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Archiving 300,000 Fidonet messages

In 2015, I began looking for archives of networked BBS messageboards, hoping to find contemporary discussions of BBS door games from the 1990s. The best source I found was the fidonet.ozzmosis.com archive.

The Ozzmosis archive is awesome — and it’s still active, archiving any new messages posted to Fidonet. (yes, Fidonet still exists!) But I quickly realized the archive was heavily weighted to the new millenium. I analyzed the dates of every message in the Ozzmosis archive, and found that, only 7% of the archive was from years prior to 2000.

That realization set me on a search. I began visiting long-running BBSes, looking for caches of old Fidonet messages.

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Using high res on my Atari STe with the CosmosEx and a wire

This image shows a CosmosEx screencast of an Atari Mega STe in high resolution.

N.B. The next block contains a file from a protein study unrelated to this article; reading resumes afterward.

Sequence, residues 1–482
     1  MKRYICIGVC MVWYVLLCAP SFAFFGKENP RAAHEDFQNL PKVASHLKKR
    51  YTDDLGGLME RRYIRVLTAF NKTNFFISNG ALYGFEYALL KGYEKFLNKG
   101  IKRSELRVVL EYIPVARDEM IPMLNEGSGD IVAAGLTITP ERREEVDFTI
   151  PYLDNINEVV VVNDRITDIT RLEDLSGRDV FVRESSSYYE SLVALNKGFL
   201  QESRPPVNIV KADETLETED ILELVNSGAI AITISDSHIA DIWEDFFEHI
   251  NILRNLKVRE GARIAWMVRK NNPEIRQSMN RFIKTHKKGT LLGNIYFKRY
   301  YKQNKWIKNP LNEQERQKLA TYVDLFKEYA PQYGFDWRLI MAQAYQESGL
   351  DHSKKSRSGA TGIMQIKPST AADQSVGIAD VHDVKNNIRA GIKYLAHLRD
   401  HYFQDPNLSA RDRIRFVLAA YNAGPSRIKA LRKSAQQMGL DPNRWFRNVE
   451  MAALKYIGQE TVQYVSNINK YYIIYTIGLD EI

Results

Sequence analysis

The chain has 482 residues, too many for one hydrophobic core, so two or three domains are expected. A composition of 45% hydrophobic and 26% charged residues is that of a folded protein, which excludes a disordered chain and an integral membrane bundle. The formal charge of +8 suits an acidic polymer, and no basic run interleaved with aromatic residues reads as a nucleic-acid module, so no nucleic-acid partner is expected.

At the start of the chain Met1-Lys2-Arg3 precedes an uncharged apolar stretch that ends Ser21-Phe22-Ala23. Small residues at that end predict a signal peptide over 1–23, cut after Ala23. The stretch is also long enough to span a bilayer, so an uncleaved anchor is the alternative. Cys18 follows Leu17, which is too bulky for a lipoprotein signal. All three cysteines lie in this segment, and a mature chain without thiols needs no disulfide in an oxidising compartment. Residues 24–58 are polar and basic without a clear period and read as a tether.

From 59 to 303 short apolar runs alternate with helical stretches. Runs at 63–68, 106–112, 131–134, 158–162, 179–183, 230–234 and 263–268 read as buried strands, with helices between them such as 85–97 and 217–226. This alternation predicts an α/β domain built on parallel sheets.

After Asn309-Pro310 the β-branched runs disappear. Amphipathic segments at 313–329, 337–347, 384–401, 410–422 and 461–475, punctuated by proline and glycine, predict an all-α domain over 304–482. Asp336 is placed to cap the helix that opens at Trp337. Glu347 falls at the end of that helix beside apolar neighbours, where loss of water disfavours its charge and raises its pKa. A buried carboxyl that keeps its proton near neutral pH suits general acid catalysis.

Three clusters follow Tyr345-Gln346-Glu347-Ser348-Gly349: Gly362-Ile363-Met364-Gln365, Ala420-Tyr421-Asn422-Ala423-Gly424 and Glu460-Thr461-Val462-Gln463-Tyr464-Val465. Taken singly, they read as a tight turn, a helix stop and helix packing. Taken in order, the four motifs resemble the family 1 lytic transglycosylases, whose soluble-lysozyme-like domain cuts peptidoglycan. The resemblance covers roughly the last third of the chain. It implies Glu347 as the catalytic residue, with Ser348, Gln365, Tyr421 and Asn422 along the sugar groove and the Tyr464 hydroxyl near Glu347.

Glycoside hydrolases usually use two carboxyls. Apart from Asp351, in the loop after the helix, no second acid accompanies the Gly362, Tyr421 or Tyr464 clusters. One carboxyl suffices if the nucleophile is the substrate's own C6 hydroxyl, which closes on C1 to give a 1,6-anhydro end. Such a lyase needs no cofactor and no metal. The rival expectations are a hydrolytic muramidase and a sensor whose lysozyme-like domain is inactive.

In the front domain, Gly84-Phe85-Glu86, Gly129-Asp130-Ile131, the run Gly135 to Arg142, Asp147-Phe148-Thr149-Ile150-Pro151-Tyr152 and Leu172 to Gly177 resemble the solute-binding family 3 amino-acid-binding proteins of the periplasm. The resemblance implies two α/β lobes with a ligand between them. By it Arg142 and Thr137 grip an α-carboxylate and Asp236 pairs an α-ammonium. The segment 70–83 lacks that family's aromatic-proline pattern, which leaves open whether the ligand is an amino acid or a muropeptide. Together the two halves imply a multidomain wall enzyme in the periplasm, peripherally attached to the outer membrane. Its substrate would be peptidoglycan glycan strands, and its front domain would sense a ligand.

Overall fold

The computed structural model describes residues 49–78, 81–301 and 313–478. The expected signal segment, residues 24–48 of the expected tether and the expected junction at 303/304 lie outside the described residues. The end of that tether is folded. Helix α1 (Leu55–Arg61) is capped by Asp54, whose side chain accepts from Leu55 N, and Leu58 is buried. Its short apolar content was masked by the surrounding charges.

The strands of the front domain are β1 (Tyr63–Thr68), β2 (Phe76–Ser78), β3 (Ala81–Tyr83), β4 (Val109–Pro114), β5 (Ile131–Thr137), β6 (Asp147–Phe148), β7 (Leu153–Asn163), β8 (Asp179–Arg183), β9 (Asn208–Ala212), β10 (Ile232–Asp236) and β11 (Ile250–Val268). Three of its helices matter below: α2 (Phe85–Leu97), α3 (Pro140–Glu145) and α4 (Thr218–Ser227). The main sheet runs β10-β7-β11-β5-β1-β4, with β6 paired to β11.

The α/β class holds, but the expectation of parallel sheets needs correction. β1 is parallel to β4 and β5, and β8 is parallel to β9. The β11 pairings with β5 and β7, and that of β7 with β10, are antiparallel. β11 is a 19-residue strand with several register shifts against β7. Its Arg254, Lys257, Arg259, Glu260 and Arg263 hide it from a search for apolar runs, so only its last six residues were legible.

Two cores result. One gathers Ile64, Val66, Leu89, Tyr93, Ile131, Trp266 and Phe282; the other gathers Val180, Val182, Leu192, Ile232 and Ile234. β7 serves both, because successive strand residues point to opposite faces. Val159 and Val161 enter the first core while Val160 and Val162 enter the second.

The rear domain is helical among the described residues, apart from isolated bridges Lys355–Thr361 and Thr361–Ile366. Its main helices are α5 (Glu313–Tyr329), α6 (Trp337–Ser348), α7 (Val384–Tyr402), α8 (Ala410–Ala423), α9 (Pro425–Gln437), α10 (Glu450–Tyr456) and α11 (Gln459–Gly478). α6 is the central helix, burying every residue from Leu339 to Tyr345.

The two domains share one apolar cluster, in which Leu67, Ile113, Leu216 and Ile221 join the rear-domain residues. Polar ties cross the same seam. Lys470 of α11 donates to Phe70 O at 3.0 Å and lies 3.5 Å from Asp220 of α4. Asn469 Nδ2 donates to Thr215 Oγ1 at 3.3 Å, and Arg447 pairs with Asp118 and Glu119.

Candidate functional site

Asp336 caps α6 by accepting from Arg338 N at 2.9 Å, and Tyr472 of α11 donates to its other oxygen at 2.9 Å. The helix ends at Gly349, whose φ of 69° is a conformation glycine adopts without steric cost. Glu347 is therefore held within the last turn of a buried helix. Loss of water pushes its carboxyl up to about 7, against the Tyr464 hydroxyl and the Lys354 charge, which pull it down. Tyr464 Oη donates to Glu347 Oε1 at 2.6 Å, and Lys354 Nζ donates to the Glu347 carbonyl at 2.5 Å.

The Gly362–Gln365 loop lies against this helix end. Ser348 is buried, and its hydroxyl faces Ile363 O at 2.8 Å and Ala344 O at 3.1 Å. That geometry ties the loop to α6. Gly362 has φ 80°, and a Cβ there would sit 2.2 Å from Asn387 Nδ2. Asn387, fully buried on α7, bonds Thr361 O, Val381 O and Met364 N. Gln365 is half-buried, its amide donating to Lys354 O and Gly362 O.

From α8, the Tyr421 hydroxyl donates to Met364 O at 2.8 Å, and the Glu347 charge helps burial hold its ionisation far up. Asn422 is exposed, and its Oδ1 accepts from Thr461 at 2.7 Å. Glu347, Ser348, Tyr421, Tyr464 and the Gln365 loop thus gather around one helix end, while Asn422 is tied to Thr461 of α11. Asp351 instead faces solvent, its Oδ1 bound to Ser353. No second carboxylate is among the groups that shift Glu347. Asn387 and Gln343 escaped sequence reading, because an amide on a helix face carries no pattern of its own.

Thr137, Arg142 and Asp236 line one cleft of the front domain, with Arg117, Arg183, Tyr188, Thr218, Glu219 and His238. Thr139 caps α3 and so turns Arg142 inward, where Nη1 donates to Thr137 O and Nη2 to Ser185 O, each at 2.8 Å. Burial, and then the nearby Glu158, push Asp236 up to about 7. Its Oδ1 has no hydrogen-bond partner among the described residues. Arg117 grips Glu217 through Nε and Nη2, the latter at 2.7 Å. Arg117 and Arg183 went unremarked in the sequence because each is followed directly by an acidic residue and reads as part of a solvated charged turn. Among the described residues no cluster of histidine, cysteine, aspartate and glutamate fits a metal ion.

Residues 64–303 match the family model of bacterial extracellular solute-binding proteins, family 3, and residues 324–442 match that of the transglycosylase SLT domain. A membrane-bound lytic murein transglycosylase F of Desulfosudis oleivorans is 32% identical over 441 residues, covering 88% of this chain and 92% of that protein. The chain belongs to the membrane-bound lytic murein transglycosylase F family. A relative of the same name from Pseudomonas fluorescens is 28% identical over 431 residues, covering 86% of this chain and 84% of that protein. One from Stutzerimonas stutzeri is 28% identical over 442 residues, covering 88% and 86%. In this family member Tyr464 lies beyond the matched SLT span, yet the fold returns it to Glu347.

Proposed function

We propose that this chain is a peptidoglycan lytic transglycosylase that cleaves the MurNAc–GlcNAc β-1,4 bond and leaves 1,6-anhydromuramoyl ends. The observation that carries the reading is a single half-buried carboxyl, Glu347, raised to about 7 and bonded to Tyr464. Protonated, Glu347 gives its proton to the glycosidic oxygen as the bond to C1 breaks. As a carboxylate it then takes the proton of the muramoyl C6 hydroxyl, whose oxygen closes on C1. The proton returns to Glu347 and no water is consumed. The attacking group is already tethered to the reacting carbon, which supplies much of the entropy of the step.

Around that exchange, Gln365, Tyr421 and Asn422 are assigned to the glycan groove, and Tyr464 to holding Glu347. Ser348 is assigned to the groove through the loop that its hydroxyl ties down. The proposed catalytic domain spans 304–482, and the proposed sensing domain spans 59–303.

Throughout my Atari ST-owning life, I have only ever owned Atari’s color monitor, the SC1224. It can display two of the ST’s video modes: low resolution (320×200, 16 colors) and medium resolution (640×200, 4 colors).

The Atari also had a 640×400 high resolution mode, but it required a different monochrome monitor.

I never had one, but recently I came across some high-res software I wanted to test. What to do?

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Modding an iPod 3G to use a CompactFlash card

interior of the iPod 3G, showing the CF card

This year my family was planning to take a trip to South America. As we prepared, I was struck by the idea of fixing up my old iPod 3G so that the kids could use it to listen to music while we traveled.

I’m talking about my 15-year old touch-wheel iPod 3G. The battery has long been shot, and I have had trouble with the hard drive over the years.

I found quite a few tutorials online about how to install a new battery, as well as some which explained how to replace the hard drive with a CompactFlash card. Sweet! Sounded like a great way to soup up some old hardware: better battery life, more durability, and lighter-weight.